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BBC - h2g2 - The Neolithic Revolution
How has the Neolithic Revolution affected us all? What would have it been like if we continued to be small groups of hunter-gatherer cultures, rather than sedentary state-level societies?[FONT=Trebuchet MS, arial, helvetica, sans-serif]This is the story of a revolution. It's not as well known as the French Revolution, or the Industrial Revolution, or the Information Revolution. Neither did it take place quite so quickly. No records were kept, so there is still much we do not know about it. Even so, it stands alone as the greatest revolution in the history of mankind. Were it not for the Neolithic[FONT=Trebuchet MS, arial, helvetica, sans-serif]1[/FONT] Revolution, society as we know it today would be vastly different, and none of these other revolutions mentioned would have ever taken place.
[FONT=Trebuchet MS, arial, helvetica, sans-serif]Hunter-gatherer Life[/FONT]
For most of our time on Earth[FONT=Trebuchet MS, arial, helvetica, sans-serif]2[/FONT], we humans lived as hunter-gatherers. Every day, groups of people would trap and kill wild animals, while others collected and prepared wild plants, nuts, fungi, and berries. If they were lucky and food was abundant, they were able to provide enough food for themselves and their children. If they were unlucky, they starved and died. In order to stay close to their food sources, hunter-gatherers needed to be mobile. They set up temporary camps, lived there for a while, and moved on when the food supply began to dwindle. For mobility, tribal units were small — just a few families, all of whom worked hard to keep themselves and their children alive. Because of the vagaries of weather, animal migrations, and the long seasons[FONT=Trebuchet MS, arial, helvetica, sans-serif]3[/FONT], starvation was always just one step away. People had precious little time to do anything other than find food, warmth, and shelter for themselves and their families[FONT=Trebuchet MS, arial, helvetica, sans-serif]4[/FONT].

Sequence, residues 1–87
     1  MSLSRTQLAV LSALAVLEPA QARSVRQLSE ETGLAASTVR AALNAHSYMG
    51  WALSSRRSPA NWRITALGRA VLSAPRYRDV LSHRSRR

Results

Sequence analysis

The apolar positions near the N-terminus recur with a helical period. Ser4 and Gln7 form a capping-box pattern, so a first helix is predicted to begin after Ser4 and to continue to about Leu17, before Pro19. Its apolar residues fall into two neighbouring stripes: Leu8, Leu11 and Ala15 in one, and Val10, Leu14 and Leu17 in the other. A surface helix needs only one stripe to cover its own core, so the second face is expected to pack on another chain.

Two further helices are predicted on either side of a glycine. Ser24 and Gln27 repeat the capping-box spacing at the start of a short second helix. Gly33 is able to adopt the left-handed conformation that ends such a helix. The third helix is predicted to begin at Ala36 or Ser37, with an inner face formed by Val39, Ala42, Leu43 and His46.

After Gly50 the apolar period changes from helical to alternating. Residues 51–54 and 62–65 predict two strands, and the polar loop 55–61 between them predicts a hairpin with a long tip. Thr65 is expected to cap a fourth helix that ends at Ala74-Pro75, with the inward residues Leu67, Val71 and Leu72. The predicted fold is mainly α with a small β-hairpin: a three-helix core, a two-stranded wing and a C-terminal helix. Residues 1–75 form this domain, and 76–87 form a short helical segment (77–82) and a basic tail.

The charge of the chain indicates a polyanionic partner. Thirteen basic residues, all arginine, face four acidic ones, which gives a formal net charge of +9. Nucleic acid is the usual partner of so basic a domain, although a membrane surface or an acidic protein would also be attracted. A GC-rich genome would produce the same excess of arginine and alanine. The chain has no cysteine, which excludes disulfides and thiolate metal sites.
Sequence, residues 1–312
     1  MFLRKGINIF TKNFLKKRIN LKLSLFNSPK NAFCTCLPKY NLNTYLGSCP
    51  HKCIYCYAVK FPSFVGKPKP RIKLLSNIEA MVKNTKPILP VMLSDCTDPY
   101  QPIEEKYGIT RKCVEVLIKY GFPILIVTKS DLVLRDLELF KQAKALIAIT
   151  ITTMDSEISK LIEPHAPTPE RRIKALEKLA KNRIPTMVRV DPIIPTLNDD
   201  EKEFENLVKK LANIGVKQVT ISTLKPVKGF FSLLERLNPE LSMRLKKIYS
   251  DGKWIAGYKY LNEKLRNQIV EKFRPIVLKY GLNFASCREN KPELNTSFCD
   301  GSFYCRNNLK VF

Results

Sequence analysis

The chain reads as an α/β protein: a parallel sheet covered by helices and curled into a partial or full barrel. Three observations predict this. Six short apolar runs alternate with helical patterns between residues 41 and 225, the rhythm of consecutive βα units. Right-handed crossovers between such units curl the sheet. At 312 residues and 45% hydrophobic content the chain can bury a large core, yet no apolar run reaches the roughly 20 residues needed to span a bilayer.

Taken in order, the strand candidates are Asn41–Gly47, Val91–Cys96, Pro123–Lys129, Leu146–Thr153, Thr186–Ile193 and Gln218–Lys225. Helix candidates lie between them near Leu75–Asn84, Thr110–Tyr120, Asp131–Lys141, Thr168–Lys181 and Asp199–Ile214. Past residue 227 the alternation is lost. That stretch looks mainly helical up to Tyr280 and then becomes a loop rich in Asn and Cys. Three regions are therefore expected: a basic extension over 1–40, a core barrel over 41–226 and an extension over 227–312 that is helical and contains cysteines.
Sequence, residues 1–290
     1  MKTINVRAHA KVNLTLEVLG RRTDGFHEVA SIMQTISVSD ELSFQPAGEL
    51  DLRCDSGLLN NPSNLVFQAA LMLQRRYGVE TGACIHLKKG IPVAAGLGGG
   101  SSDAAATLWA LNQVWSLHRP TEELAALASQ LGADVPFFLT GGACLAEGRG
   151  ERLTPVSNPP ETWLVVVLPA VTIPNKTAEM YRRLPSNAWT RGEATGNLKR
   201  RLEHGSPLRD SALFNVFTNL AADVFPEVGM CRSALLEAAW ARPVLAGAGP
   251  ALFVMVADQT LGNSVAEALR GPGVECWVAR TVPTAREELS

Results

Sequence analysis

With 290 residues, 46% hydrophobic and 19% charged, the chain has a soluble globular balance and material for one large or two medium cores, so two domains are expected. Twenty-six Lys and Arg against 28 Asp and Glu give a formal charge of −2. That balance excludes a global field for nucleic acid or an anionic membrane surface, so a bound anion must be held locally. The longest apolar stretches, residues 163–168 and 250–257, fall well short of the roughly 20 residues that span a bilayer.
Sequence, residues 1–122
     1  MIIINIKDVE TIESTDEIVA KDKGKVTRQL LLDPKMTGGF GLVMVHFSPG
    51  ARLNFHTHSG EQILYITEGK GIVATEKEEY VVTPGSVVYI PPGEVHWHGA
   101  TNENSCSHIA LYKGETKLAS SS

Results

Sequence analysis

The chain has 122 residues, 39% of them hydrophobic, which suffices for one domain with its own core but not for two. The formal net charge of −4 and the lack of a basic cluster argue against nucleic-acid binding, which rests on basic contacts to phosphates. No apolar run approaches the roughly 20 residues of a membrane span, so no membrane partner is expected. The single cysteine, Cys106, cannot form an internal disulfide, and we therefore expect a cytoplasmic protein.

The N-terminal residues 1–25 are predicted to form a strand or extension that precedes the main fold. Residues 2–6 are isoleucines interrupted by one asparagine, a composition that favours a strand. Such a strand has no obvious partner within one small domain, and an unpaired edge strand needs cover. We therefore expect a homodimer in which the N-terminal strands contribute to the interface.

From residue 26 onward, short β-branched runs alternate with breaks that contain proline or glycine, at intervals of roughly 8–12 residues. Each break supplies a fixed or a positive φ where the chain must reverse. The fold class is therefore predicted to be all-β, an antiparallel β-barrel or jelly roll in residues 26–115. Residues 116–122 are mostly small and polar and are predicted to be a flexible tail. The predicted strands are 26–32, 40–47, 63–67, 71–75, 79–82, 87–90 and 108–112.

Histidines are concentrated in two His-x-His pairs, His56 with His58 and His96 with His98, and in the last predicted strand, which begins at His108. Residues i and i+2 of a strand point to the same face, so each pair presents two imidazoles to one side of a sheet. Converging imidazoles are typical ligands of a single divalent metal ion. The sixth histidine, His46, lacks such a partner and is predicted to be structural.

[FONT=Trebuchet MS, arial, helvetica, sans-serif][FONT=Trebuchet MS, arial, helvetica, sans-serif]The Dawn of the Neolithic Age[/FONT]
Fourteen thousand years ago, at the end of the last Ice Age, a new lifestyle, known to archeologists as the Natufian culture, began to emerge in the Middle East. The Ice Age was coming to an end and temperatures were warming very quickly. Food became available in relative abundance for the first time in thousands of years. Instead of having to travel long distances to find food, some groups were able to live in the same place all year round. People started to build permanent dwellings. By 10,000 BC, the end of the Younger Dryas period, they were discovering that certain animals, such as goats, sheep, cattle and pigs, had temperaments and dispositions that made them easy to manage within close proximity to their dwellings. They selected and cultivated certain grasses, such as oats, wheat and barley, which provided nourishment to larger groups of people. These plants became common anywhere there was human settlement, eclipsing all other plant-food sources. They discovered how to store and preserve food over the harsh winter months. Thus, farming began and a new age, the Neolithic Age, was ushered in.
[FONT=Trebuchet MS, arial, helvetica, sans-serif]The Effects of the Neolithic Revolution[/FONT]
The move from a hunter-gatherer lifestyle to a sedentary farming lifestyle did not take place overnight. Neither was it unique to the Middle East: Latin America and China experienced totally independent Neolithic Revolutions at later periods in time. In fact, it can be argued that in the beginning, it was in many ways an inferior lifestyle to hunter-gathering, since settled people were easier targets for attack, their nutrition undoubtedly suffered due to lack of a balanced diet, and they were more likely to suffer diseases. However, by 7000 BC, it was the dominant occupation in the Middle East, and it was already taking hold in Southern Europe and Northern Africa. For those people affected, the change that had taken place was enormous. The changes were so profound they live on with us today.